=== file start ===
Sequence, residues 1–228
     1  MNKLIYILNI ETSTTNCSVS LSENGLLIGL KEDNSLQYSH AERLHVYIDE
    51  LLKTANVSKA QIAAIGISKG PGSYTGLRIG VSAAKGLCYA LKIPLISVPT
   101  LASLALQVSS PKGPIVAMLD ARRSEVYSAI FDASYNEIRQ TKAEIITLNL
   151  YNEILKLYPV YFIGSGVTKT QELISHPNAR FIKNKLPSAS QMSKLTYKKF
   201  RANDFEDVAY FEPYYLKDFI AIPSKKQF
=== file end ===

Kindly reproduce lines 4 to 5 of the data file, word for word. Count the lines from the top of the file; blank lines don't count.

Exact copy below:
   101  LASLALQVSS PKGPIVAMLD ARRSEVYSAI FDASYNEIRQ TKAEIITLNL
   151  YNEILKLYPV YFIGSGVTKT QELISHPNAR FIKNKLPSAS QMSKLTYKKF